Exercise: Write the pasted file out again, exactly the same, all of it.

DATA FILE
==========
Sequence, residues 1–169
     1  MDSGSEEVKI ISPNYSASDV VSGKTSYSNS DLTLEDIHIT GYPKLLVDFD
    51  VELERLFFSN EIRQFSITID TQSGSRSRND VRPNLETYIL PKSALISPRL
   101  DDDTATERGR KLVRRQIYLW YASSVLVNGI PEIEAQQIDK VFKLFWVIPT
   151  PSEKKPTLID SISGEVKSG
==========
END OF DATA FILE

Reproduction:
Sequence, residues 1–169
     1  MDSGSEEVKI ISPNYSASDV VSGKTSYSNS DLTLEDIHIT GYPKLLVDFD
    51  VELERLFFSN EIRQFSITID TQSGSRSRND VRPNLETYIL PKSALISPRL
   101  DDDTATERGR KLVRRQIYLW YASSVLVNGI PEIEAQQIDK VFKLFWVIPT
   151  PSEKKPTLID SISGEVKSG